Use Measurement As A Coaching Tool. Feedback from your new and existing customers will often flush out inefficient processes and systems that may hamper your staff’s ability to perform at their best.  It also helps you identify the people and skills that need the most improvement.  Then it’s up to management to use these results in a positive manner to coach and educate your staff on how to improve.  All coaching should be done in a positive manner to reap the greatest impact.  None of us likes to be “wrong.”  Coaching delivered with an attitude of an opportunity for improvement will be well received.

Measurement Reinforces Consistency. Public utilities want to provide excellent service and employees often believe they do.  But when we share the results of our measurement with the staff, as well as feedback we receive from customers and potential customers, they develop a new awareness about improving customer interactions.

When your staff sees the areas where they’re doing well and where there are opportunities for improvement, when they see what customers actually say about their experience, employees’ perception of the quality of the service they provide begins to change and so does their behavior.

The key to excellent customer service is for every employee to follow service standards consistently in every interaction.  Every customer counts every single time! Not just when the boss walks by or if the customer is polite, but with every single interaction -not matter what.  The utility’s reputation and bottom-line are at risk.  It’s critical that your staff consistently demonstrates the standards you have created.

Measure Your Internal Processes. A customer completes an application for service, someone needs an extension of service to a new residence, another person calls with a trouble ticket, a delinquent customer wants to pay their bill before their service is terminated – the processes behind each of these situations, along with others you perform daily, have an impact on your customers and the service they receive.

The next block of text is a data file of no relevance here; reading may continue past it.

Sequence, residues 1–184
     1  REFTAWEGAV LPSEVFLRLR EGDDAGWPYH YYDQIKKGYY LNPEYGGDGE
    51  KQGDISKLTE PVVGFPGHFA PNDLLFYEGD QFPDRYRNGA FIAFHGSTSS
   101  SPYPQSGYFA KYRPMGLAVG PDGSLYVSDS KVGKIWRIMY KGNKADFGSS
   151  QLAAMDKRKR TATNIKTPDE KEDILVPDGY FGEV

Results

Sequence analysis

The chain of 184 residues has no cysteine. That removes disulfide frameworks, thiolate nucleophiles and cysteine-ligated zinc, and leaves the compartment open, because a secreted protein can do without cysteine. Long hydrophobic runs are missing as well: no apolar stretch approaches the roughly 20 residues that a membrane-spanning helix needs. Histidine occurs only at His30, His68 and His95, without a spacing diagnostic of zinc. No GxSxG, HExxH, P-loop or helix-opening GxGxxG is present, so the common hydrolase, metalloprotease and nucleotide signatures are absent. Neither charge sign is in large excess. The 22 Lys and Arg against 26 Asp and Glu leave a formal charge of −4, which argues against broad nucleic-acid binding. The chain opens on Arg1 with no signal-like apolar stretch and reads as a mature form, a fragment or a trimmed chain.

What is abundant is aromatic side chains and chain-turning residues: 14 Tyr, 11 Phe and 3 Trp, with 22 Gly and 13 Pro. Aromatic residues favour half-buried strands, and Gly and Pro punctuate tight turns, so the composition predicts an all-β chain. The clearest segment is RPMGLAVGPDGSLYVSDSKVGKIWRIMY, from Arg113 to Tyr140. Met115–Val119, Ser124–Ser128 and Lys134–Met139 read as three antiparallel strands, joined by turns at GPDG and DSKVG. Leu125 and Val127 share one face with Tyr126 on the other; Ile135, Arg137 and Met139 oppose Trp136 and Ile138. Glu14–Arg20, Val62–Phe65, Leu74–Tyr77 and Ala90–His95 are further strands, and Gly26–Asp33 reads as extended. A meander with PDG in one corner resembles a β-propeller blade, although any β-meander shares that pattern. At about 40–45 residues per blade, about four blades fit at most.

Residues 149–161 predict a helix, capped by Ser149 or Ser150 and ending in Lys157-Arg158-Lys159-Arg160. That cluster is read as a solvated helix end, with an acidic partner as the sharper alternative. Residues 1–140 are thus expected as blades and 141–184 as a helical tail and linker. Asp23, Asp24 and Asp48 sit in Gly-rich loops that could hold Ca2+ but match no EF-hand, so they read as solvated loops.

Step into your customer’s shoes and experience the way you do things.  For example, measure the process when a new customer requires service to a new residence.  What does the CSR do to make the customer understand and feel comfortable with how new service is established? When the work order is handed off to engineering and then to construction for completion, does everyone involved know the status of that order?  Is someone checking to see if it’s scheduled for a timely completion?  If not, then what happens? Are engineering and construction keeping the customer service department in the loop with any complications?  Is your customer kept informed?

Examine your processes and measure their effectiveness.  One of the best ways to identify opportunities for procedural improvement is to ask your employees what they would do differently.  Your front-line staff has incredible insight, as they are the ones dealing every day with your customers and your procedures.  They already know what could be done to make things better for customers.

So, if you called the last 40 customers who visited or contacted your utility and asked them to rate you on a scale of 1 – 4 with 4 being outstanding, how many of them would give you a top rating?

You can’t manage it if you can’t measure it!

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David Saxby is president of Measure-X, a Phoenix, Ariz.-based measurement, training and recognition company that specializes in customer service and sales skills training for utilities.